While this article is informative and show some improvements with the A9 compared to previous Sony cameras, the constant flow of articles gives the impression of something revolutionary and new, which it clearly isn't. However, if the Marketing and PR departments at Sony continue their great work, Sony will most certainly gain more market shares.

Example: The silent shutter of the A9 has been described as something revolutionary new. But it isn't. I've used silent shutter with my Panasonic cameras for years. Ok then, I suppose the A9 features less rolling shutter when shooting silent compared to my Panasonics, but I would like to see a direct comparison first. And every time I ask when that particular combination of features is useful, I get the "golf" answer. Fine, so it's a revolution for those who shoot golf tournaments. Most people don't though.

The A9's silent shutter is a revolution only because some A7 models have shutters that are so noisy that it's a bloody nuisance.

Link | Posted on May 3, 2017 at 03:20 UTC
In reply to:

zakk9: I don't mind that dpr writes about the A9, but conveying as "news" the fact that Sony has finally implemented functionality that has existed on pro level cameras for a decade or more strikes me as odd. Even my $900 G85 and slightly more expensive GX8 offer most of these options by pushing a button, flipping a switch or turning a wheel. Most Panasonic and most Nikon cameras that I own or have owned do this. The fact that Sony has relied on deep diving into menus to change primary settings doesn't make the improvement a revolution.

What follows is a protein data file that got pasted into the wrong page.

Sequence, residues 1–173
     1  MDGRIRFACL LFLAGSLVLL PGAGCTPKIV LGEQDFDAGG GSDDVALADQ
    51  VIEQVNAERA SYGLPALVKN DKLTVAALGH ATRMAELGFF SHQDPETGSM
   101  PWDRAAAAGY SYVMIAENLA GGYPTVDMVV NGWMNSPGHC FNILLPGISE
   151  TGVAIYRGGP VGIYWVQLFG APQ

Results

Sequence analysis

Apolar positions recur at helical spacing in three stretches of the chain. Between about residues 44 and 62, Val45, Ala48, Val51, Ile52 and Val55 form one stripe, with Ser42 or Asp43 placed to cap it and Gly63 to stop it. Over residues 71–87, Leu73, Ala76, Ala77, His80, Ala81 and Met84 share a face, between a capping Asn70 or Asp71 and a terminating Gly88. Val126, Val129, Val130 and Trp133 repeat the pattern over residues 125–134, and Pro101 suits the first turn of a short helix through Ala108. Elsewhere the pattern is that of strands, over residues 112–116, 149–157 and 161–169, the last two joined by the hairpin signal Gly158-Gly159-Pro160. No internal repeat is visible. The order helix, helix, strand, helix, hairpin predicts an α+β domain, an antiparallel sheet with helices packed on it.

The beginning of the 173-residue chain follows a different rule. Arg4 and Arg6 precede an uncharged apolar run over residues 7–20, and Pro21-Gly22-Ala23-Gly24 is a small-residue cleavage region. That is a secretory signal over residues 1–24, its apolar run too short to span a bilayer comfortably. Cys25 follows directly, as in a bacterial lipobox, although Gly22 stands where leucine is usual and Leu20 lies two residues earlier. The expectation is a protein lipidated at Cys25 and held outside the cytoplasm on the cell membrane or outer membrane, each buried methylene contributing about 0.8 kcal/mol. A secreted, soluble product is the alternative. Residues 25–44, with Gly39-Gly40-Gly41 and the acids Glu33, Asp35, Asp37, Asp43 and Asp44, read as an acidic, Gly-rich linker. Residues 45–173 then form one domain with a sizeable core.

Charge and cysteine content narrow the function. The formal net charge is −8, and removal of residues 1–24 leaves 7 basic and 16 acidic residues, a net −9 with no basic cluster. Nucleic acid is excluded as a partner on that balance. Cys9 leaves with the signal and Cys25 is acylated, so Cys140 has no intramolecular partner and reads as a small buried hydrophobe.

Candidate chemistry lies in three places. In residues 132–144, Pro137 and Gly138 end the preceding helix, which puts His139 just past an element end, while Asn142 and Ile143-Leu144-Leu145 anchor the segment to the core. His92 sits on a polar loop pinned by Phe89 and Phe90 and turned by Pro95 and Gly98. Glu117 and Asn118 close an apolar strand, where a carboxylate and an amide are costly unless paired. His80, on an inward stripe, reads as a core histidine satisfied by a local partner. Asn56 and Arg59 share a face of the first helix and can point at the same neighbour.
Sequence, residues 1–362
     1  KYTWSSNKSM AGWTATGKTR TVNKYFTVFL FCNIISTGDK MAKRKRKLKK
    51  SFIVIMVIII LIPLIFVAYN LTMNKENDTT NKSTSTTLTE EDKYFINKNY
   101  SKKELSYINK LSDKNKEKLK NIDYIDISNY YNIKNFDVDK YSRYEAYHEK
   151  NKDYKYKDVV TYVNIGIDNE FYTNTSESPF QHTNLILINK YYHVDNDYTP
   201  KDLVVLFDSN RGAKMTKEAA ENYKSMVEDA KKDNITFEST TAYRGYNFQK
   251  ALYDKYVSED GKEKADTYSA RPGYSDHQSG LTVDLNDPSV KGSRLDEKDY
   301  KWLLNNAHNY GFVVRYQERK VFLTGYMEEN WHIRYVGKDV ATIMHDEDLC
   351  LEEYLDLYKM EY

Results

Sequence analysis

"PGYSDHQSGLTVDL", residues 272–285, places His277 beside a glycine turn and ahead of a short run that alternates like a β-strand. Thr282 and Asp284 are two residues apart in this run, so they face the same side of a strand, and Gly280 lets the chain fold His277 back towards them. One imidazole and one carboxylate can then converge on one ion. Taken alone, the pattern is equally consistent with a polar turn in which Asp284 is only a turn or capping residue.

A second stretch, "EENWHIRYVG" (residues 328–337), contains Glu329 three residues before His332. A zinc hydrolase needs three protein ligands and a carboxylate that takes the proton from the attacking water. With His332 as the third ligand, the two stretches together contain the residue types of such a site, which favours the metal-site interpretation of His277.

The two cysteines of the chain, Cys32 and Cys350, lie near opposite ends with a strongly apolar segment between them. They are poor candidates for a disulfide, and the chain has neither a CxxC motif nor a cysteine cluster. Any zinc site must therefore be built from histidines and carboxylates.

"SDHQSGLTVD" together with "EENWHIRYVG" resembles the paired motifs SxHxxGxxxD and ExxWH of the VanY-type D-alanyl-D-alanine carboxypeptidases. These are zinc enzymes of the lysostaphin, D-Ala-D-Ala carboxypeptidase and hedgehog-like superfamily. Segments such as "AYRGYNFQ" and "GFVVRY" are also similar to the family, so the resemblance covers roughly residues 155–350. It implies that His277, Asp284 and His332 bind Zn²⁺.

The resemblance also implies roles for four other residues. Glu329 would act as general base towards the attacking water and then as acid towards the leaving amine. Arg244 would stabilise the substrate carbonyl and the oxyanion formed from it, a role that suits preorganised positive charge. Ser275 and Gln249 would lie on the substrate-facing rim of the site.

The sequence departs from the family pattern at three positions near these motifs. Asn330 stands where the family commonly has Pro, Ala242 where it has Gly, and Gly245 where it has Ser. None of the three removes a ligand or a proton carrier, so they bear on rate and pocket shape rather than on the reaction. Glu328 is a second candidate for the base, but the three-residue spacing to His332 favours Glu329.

Change between S and C mode on the G85 is by flipping a switch that is under my right thumb. Changing drive mode is by turning a wheel on the top left of the camera. While this operation might take four instead of two tenth of a second, it's they way I've worked shooting sports with Nikon bodies for years. My D2Xs from 2006 works the same way, and the D300, and it's second nature to many if not most sports shooters. The G85 is an amateur body that costs 20% of an A9. The GH3, 4 and 5 have the same layout of course, making it easy to switch between different bodies.

Link | Posted on May 2, 2017 at 12:57 UTC

I don't mind that dpr writes about the A9, but conveying as "news" the fact that Sony has finally implemented functionality that has existed on pro level cameras for a decade or more strikes me as odd. Even my $900 G85 and slightly more expensive GX8 offer most of these options by pushing a button, flipping a switch or turning a wheel. Most Panasonic and most Nikon cameras that I own or have owned do this. The fact that Sony has relied on deep diving into menus to change primary settings doesn't make the improvement a revolution.

Link | Posted on May 2, 2017 at 11:29 UTC as 110th comment | 12 replies